of persons; but let the wants alone of your flocks regulate all your cares and

all your attention.

 

“Whatsoever things are pure,” — Inspire the people with a due respect

for all the ordinances of the gospel, by administering them yourselves in the

fear of God and with holy dignity. On all such occasions, appear as the

elders before the throne of the Lamb, struck with the majesty of God, and

expecting a revelation of his love to your own souls and those of the people;

 

and let such modesty, awe, and depth of piety be manifested in all your

administrations, that your people may learn from your whole deportment

what dispositions are necessary for themselves on such occasions. But,

above all, and in all, and through all, let us press upon every one the

necessity of holiness. Let us never forget our calling — that we were called

and sent forth to raise a holy people. Let all your doctrines, and all your

discipline, all your labors, and all your conversation, center in this. Let this

be the grand burden of your testimony — “Without holiness no man shall

see the Lord.”

 

“Whatsoever things are lovely,” — render yourselves amiable in the

eyes of your people, if you would be useful to them; amiable, not by

improper familiarities, but by partaking of their afflictions, and becoming

their comforters in all their distresses. Gain their hearts, and draw their

souls to Jesus Christ. Render not your sacred function odious by the

rudeness, the moroseness, or the caprice of your humors; nor contemptible,

by a baseness of sentiment. Refuse not upon any occasion, to the believers

or penitents who are committed to your charge, your assistance or advice,

since you owe to them your very life. Be their consolation, and they will be

yours; love them as your children, and they will love you as their fathers.

 

“Whatsoever things are of good report,” — Neglect nothing which

can preserve your reputation pure and spotless in the judgment of your

people. Abstain from every thing, even the most lawful, which can become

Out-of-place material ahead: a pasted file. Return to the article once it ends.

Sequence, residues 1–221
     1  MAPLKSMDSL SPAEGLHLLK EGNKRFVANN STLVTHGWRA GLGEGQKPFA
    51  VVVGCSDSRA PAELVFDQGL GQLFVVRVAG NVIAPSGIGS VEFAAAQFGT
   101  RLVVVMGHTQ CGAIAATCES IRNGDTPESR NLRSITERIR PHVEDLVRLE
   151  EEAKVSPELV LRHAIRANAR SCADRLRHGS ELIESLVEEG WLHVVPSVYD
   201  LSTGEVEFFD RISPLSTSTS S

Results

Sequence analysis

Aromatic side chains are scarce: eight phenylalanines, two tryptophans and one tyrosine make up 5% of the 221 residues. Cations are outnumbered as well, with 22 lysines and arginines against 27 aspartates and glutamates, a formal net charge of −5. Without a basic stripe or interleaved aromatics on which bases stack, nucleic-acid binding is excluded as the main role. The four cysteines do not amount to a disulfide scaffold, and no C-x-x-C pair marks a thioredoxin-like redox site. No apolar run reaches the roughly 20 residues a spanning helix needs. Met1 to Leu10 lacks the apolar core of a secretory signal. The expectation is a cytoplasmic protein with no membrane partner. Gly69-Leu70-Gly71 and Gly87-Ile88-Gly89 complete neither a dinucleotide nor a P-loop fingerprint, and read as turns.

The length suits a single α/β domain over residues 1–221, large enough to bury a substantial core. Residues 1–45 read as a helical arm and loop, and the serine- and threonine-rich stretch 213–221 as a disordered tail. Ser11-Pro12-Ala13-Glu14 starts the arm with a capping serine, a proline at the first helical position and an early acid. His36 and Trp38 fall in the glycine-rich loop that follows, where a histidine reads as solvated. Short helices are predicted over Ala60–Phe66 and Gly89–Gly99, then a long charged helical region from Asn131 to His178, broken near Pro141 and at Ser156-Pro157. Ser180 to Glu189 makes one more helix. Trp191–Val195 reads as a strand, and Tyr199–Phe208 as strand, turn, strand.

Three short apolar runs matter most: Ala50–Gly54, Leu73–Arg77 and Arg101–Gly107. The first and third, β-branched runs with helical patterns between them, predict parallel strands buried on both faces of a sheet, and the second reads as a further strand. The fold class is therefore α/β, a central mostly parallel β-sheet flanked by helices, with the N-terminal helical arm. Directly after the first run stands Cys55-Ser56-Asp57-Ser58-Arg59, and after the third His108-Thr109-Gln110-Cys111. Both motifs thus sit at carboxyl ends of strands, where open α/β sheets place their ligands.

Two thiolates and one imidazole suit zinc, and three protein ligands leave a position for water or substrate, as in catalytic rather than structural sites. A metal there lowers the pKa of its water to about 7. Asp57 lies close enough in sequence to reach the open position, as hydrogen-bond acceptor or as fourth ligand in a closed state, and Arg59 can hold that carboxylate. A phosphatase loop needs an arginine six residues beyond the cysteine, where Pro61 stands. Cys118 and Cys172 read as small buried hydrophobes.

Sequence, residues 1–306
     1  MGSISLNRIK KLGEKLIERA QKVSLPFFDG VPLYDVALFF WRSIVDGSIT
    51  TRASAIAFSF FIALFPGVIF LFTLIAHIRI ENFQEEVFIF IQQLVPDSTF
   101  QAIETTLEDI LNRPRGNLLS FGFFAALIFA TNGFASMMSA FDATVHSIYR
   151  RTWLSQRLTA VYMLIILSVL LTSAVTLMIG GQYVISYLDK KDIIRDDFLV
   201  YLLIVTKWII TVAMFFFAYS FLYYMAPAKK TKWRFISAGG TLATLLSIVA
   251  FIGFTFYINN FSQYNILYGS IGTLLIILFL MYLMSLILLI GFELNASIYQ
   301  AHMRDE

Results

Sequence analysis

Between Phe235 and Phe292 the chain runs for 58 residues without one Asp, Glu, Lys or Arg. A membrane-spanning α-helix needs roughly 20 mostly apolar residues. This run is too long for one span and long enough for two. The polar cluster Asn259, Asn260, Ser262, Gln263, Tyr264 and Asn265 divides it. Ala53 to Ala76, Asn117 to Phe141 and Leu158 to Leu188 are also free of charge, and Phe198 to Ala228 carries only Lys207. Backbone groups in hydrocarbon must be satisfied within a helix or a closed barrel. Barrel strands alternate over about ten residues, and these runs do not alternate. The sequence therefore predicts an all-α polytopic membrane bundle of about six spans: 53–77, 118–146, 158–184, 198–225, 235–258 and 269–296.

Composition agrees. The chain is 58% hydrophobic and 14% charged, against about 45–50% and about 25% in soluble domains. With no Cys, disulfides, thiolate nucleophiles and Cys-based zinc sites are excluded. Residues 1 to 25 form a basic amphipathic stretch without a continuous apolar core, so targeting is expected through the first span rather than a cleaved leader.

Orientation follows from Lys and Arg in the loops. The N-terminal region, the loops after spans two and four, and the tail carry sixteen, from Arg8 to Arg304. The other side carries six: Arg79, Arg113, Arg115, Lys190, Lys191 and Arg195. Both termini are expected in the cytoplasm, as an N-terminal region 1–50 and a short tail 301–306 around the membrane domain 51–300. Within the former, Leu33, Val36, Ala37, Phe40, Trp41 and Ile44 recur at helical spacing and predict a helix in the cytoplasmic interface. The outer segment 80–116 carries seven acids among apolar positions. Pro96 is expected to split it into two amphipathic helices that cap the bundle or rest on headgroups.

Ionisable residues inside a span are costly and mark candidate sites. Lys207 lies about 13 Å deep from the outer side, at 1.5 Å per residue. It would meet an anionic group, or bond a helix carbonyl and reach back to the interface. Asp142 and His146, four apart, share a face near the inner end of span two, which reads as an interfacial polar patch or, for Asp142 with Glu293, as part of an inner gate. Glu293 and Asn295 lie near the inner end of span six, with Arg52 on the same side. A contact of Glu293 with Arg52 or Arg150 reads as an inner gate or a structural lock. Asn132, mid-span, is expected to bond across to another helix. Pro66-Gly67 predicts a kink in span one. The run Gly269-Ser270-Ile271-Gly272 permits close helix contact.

a cause of offense to your brethren. Remember that the fruit of your

ministry is in a great measure attached to the good opinion they have of

you. Disgrace not, therefore, our holy religion, by disgracing yourselves.

 

Let your examples prepare the way for the success of your instructions. Let

no one have occasion to reproach you for doing that which you are obliged

to testify against to others; and let the sweet savor of your lives spread

through your circuits, and become itself a constant censure of the vices or

faults of others.

 

In short, my brethren, if the remembrance of the glorious army of martyrs,

whose blood became the seed of the church, can affect you; if the example

of your late venerable father in the gospel [John Wesley], and of the first

Methodist preachers, who endured the heat and burden of the day, and bore

the ark of the testimony against an opposing world, can move you; if you

have ruling within you (as I doubt not you have) the principles of holiness

and truth — “if there be any virtue, think on these things.” If our most

excellent discipline, so faithfully enforced by your predecessors, inspire

you with a sacred emulation; if you be ashamed to degenerate from the holy

fortitude of those who have gone before you, whose praise is in all our

churches, — “if there be any praise, think on these things.” Then, under

almighty grace, you will continue to do honor to your holy ministry; you

will be the blessed means of sanctifying the people, and “the God of peace

will be ever with you.

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Posted by on April 17, 2016 in academics, Bible, church, comparative religions, faith, leadership, theology